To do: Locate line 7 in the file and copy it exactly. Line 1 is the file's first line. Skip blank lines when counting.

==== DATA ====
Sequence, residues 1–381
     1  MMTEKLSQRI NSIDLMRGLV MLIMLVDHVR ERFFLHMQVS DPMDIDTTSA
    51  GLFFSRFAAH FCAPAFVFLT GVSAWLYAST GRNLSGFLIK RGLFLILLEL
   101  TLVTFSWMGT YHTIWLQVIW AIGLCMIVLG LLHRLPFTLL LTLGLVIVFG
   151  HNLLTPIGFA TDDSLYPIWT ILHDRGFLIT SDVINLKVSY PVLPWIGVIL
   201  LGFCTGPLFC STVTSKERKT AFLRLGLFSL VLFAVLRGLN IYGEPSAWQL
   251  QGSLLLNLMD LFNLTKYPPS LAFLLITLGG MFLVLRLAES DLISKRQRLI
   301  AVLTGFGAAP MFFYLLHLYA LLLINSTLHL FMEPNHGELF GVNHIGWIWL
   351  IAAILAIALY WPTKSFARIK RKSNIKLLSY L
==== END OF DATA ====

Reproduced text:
   251  QGSLLLNLMD LFNLTKYPPS LAFLLITLGG MFLVLRLAES DLISKRQRLI